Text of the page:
Simulations of next generation radio interferometers for observing 21cm tomography

A rich variety of cosmological processes have imprinted large-scale spatial fluctuations in the universe. Measuring these fluctuations is the primary tool for testing cosmological models and determining cosmological parameters. The emission from neutral hydrogen at 21 cm is a powerful probe of fluctuations from redshift 0 to as high as ~200. By mapping the three-dimensional 21 cm intensity field with 10 arc-minute resolution, for example, it may be possible to determine precisely the equation of state of the dark energy by measuring the expansion history throughout the transition from deceleration to acceleration. To measure these signals a new class of radio interferometers is being developed. These interferometers contain hundreds to thousands of elements and have bandwidths as large as an octave or more. Optimizing these instruments presents a number of technical challenges.

We propose to develop general-purpose software to model systematic effects in interferometers to address three important issues facing interferometers consisting of hundreds to thousands of antennas. First, we will develop calibration algorithms, which require measuring the complex beam gain of each element as a function of frequency. Second, we will develop analysis techniques for large "data cubes" for removing foreground sources and recovering cosmological power spectra. Third, we will extend our simulation techniques for modelling and controlling systematic effects.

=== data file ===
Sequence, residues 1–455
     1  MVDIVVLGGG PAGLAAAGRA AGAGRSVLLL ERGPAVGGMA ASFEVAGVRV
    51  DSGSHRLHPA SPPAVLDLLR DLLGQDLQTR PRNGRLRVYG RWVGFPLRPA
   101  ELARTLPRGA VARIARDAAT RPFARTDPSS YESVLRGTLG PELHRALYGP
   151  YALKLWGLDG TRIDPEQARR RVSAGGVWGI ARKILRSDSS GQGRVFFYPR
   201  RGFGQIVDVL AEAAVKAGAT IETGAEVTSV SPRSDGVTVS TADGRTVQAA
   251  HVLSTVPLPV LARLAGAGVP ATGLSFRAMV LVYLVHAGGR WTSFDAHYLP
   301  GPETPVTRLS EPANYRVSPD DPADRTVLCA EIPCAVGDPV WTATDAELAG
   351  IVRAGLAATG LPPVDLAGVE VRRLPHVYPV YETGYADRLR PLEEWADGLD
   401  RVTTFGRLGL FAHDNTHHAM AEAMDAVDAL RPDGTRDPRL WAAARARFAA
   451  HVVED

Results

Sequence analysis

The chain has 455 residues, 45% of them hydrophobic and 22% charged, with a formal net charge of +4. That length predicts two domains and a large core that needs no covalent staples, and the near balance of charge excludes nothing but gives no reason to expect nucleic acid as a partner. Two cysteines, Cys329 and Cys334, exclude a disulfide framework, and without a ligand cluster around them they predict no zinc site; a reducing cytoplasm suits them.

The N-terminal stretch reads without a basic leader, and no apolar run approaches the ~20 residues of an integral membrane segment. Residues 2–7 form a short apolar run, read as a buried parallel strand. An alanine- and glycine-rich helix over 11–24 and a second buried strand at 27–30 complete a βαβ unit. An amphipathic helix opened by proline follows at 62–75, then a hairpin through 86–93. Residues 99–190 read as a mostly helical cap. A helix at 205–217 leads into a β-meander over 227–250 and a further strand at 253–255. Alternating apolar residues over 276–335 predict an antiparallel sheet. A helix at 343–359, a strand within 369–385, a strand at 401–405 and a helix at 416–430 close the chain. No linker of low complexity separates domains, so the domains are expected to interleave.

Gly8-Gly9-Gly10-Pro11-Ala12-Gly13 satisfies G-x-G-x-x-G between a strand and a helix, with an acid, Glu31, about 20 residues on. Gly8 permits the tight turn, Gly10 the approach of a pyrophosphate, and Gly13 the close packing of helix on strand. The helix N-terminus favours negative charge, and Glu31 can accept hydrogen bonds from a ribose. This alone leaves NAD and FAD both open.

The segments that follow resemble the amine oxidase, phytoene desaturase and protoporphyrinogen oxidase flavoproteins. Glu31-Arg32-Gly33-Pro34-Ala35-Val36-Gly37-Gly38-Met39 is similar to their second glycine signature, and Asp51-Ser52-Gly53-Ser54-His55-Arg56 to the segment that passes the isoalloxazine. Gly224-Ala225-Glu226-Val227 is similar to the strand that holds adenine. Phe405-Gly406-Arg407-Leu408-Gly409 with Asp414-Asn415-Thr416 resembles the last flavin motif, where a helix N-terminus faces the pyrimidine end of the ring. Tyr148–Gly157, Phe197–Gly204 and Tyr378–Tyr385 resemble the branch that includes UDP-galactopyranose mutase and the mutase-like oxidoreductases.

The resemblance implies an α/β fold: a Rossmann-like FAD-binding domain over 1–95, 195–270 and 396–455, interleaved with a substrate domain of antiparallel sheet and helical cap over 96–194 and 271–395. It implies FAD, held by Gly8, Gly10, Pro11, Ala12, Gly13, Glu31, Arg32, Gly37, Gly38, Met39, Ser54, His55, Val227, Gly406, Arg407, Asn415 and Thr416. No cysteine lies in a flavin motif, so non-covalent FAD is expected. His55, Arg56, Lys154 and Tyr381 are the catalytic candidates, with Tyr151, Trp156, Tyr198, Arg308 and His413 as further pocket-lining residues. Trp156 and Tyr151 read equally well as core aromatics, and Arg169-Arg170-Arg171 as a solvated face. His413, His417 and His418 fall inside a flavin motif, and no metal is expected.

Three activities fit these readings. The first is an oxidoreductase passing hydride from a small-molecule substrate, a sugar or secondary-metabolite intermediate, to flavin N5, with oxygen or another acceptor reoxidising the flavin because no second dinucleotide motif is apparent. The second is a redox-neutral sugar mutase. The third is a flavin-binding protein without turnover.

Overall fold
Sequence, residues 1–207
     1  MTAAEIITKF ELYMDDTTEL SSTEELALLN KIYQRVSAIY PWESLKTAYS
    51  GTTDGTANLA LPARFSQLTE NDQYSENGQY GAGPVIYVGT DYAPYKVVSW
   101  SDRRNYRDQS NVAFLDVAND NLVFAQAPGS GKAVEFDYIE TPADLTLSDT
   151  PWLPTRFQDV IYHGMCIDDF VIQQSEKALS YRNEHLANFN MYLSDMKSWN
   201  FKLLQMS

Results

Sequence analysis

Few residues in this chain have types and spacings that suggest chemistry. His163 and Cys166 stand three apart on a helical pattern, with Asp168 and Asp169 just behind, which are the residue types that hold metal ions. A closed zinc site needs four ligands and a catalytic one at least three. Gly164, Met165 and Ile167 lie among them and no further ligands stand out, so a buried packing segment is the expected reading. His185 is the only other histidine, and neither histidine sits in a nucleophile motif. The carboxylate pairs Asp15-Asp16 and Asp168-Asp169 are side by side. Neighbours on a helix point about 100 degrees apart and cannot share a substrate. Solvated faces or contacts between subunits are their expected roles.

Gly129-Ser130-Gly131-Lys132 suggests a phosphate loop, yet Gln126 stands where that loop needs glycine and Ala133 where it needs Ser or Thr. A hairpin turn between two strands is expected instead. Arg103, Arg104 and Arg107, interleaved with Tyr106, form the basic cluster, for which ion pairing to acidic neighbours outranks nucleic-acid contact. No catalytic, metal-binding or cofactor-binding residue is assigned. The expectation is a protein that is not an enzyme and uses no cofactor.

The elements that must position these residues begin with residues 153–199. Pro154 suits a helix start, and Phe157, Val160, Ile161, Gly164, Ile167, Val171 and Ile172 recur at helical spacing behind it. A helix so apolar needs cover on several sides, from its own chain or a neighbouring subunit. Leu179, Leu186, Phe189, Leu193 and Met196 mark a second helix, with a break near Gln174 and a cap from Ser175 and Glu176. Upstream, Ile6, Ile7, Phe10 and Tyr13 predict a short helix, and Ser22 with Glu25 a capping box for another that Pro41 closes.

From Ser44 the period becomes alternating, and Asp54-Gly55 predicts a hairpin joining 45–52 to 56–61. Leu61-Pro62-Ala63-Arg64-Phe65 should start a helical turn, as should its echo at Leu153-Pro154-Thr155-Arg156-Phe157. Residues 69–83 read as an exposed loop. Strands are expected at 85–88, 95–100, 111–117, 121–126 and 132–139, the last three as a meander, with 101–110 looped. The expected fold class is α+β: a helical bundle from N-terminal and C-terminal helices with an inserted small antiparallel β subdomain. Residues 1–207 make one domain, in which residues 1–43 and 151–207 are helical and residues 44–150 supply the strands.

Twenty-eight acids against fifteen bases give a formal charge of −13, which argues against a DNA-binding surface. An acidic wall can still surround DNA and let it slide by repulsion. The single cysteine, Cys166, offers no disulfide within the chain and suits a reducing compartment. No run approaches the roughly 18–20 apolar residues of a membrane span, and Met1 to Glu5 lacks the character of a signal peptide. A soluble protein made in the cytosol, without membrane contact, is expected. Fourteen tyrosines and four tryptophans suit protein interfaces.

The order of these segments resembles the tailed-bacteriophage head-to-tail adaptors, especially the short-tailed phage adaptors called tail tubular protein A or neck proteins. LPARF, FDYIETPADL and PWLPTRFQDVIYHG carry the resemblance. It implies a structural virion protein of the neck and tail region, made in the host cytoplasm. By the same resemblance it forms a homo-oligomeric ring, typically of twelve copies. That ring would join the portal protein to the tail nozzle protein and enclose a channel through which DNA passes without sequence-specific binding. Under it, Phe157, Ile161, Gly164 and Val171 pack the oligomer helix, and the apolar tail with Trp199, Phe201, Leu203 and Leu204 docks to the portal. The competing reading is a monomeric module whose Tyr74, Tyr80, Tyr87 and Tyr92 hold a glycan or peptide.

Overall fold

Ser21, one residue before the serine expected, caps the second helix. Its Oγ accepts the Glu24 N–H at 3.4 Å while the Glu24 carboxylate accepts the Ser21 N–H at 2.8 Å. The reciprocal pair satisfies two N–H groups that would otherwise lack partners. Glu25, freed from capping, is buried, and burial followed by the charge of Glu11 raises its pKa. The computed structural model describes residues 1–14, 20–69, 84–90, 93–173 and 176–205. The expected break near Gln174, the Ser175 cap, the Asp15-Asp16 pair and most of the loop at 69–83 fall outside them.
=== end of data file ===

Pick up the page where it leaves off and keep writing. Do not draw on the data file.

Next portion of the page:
Here we show a simulated 21cm sky cube of 1474×1474×810 Mpc^3 in Fourier space, covering a 30 degree × 30 degree sky patch (X-Y plane) and spanning a 736-864 MHz frequency range (Z direction), corresponding to z=0.77 and Δz=0.28. The three ring-like structures clearly indicate the Baryon Acoustic Oscillations (BAO) imprinted in the neutral hydrogen density field by acoustic waves travelling in the plasma of the early universe.

Simulated Stokes visibilities
Simulated 3-D 21cm visibilities for interferometric observation in arbitrary units.